Did Drafting Knowshon Moreno do in Josh McDaniels in Denver?
This is a list of the recent drafting history of the Denver Broncos. And it’s not pretty.
The Josh McDaniels era might be best defined by how he did in the draft. And while the very nature of the development of young players means that the two McDaniels/Brian Xanders drafts in Denver is in the hands of Xanders and John Fox now, which is going to make the results look worse than they may have under McDaniels, only four players that McDaniels drafted started for him in the 2010 season: offensive lineman J.D. Walton, outside linebacker Robert Ayers (due to injury), cornerback Perrish Cox, and running back Knowshon Moreno. Two starters per draft just isn’t that good to begin with. For a rebuilding team, it’s inexcusable.
Now, to be fair to Denver, they invested their 2010 first rounders (plural, because they were able to capitalize on trades to have 4 first round picks in two years) in high upside players WR Demaryius Thomas and QB Tim Tebow, who could be staples of the Broncos offense over the next decade if they are so inclined. But just a year later, those 2009 picks look awful. Neither Robert Ayers nor Knowshon Moreno appear likely to amount to anything beyond role players in the pros. And the other first round pick that McDaniels gave up, a 2010 first rounder for a high second rounder in 2009, which the Broncos used on CB Alphonso Smith. Smith developed into a starting caliber cover corner, but he did so for the Detroit Lions, because the Broncos waived him after just one season.
The reasons surrounding the firing of Josh McDaniels are far more complicated than the fact that he might have really struggled at making draft picks. Plenty of other teams have failed at the draft while retaining their head coaches over the years. The move that may have done McDaniels in was his first pick: Moreno. If nothing else, the inability to add defensive help via the draft simply upheld the status quo in Denver. But the Moreno pick did multiple things: it took a really high pick that most observers assumed would be a centerpiece of the defensive rebuilding project, and used it on offense. But worse, it was used previously on offense.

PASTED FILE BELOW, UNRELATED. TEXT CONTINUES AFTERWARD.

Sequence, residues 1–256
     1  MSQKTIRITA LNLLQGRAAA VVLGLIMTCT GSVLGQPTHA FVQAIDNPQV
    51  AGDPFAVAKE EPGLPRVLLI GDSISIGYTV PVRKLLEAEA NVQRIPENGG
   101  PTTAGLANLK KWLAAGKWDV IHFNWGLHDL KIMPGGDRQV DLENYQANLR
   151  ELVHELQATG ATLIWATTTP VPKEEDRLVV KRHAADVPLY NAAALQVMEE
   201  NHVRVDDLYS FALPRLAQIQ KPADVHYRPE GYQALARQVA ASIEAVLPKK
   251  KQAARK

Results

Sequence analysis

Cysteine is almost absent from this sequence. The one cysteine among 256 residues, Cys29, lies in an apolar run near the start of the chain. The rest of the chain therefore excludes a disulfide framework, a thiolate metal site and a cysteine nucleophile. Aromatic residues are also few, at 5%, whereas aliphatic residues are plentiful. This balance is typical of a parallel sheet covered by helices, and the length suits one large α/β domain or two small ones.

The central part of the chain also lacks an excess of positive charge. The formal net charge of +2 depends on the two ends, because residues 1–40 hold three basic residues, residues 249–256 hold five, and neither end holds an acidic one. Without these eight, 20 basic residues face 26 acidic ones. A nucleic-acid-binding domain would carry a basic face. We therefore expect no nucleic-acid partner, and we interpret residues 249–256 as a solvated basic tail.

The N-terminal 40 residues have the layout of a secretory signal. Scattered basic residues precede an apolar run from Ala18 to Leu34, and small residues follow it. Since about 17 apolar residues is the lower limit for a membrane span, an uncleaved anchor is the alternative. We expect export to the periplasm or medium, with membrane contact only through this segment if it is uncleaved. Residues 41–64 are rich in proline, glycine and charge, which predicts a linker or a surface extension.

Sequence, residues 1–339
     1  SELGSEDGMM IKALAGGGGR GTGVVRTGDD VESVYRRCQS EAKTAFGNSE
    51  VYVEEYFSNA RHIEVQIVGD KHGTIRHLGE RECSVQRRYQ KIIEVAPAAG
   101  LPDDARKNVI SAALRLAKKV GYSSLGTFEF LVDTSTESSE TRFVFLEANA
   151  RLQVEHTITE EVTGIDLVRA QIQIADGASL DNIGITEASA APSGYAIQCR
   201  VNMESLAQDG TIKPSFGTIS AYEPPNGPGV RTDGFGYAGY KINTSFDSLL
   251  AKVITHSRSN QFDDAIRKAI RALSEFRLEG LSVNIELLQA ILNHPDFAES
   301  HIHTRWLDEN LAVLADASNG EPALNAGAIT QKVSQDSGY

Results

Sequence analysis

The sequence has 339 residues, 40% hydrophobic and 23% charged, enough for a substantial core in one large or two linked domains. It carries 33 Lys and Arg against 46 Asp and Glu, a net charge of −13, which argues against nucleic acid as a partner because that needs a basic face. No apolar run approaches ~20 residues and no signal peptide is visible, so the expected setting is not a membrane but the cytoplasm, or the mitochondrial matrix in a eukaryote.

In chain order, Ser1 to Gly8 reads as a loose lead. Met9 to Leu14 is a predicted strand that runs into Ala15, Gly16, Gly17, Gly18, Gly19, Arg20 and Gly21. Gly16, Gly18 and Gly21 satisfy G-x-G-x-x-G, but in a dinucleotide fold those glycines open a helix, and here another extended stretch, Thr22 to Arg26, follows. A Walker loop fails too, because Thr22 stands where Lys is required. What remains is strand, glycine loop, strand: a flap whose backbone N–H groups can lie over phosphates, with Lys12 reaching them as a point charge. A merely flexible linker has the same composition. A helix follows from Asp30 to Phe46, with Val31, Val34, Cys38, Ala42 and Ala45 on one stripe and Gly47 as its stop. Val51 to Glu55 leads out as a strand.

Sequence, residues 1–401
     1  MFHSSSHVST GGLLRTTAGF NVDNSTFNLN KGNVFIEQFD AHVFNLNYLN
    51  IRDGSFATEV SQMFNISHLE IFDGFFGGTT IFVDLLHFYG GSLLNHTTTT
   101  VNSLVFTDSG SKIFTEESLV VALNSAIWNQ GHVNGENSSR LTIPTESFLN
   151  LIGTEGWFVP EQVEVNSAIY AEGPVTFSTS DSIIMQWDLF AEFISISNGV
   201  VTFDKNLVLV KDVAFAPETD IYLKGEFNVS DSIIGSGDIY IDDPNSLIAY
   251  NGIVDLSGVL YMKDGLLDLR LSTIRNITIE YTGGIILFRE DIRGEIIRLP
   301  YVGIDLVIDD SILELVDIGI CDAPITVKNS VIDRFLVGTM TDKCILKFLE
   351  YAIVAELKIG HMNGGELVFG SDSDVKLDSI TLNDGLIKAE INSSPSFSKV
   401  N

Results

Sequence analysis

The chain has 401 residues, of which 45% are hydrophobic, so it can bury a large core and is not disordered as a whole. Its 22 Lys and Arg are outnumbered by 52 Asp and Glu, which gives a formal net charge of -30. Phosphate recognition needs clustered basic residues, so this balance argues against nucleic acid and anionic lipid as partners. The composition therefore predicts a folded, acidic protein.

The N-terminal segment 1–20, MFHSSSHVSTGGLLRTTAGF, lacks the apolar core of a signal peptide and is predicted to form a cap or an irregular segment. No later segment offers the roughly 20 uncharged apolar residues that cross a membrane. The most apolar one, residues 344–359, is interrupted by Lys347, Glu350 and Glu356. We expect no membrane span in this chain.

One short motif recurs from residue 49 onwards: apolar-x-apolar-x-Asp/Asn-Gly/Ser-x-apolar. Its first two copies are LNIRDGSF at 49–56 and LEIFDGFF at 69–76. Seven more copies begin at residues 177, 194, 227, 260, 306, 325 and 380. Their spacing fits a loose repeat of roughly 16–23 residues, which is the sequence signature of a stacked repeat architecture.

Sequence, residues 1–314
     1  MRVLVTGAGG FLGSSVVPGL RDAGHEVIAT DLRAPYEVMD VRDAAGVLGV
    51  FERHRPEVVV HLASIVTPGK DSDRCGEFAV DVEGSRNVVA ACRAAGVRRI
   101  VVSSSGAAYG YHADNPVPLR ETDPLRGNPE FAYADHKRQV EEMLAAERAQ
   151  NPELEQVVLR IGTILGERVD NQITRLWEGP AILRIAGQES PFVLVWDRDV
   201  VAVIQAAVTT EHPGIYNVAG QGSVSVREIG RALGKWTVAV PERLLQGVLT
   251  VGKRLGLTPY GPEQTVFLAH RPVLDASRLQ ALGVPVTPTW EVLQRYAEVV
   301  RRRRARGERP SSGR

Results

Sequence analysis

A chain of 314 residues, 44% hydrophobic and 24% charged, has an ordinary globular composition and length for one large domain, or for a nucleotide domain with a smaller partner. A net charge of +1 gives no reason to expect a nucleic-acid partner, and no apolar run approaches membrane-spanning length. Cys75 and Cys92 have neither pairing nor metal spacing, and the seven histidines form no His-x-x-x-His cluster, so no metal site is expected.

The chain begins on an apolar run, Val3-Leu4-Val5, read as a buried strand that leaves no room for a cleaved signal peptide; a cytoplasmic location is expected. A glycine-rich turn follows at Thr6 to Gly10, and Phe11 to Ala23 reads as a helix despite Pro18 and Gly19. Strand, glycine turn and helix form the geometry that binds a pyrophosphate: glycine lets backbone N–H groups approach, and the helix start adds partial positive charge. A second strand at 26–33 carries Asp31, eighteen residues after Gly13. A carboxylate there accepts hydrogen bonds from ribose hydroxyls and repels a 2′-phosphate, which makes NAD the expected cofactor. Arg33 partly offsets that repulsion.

When you draft a running back in the top half of the first round, the player needs to be the kind of guy that makes so much sense in a teams offense that he starts from day one and is durable and challenges the league leaders in meaningful statistical categories for at least the first five years of their career. The fatal flaw in the process was that the only defense of the Moreno pick, even at the time it was made, was that he was the highest player — and highest runner — on their board. The expectations for Moreno were, had to be, that he would be the best player on the Denver offense in both 2009 and 2010. He wasn’t even the best running back on the roster when Correll Buckhalter was healthy.
This sums up the underrated job McDaniels did of compiling talent. The Broncos weren’t ever as bad a team as they were expected to be under Josh McDaniels. Kyle Orton exceeded relative expectations in 2009, nearly lost his job, and then exceeded expectations again in 2010. Buckhalter was a shrewd pickup. The team was vindicated, to an extent, in it’s trades of Jay Cutler and Brandon Marshall. They took the focus off the offensive line after a strong OL had been a staple of Mike Shanahan’s tenure there. Brandon Lloyd found relative success as a breakout player in his eighth year in the NFL: he had a better season in 2010 than Brandon Marshall ever had in his NFL career.
The defense was the same as it ever was without Elvis Dumerville in the lineup. Champ Bailey really quietly enjoyed a great rebound 2010 season. And the production around him was horrible. That probably helped to do Josh McDaniels in. But the big thing was the draft, and where those resources were allocated, and what the Broncos got out of those picks. McDaniels’ first ever draft pick deviated from the rebuilding script. And if judged by what Knowshon Moreno brought to the Denver Broncos, here’s the lasting effect of the 2009 draft: the Broncos drafted guys who need to be replaced by free agents in 2011. That could be the biggest reason why Pat Bowlen and the Denver Bronco ownership group lost faith in Josh McDaniels as the organization’s head coach.